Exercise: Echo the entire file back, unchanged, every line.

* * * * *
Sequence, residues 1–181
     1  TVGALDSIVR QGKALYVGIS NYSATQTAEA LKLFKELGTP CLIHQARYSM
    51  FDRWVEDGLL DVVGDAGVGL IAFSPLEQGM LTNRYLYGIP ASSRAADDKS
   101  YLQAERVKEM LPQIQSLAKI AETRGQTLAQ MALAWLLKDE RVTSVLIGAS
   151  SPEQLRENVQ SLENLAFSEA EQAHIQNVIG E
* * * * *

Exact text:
Sequence, residues 1–181
     1  TVGALDSIVR QGKALYVGIS NYSATQTAEA LKLFKELGTP CLIHQARYSM
    51  FDRWVEDGLL DVVGDAGVGL IAFSPLEQGM LTNRYLYGIP ASSRAADDKS
   101  YLQAERVKEM LPQIQSLAKI AETRGQTLAQ MALAWLLKDE RVTSVLIGAS
   151  SPEQLRENVQ SLENLAFSEA EQAHIQNVIG E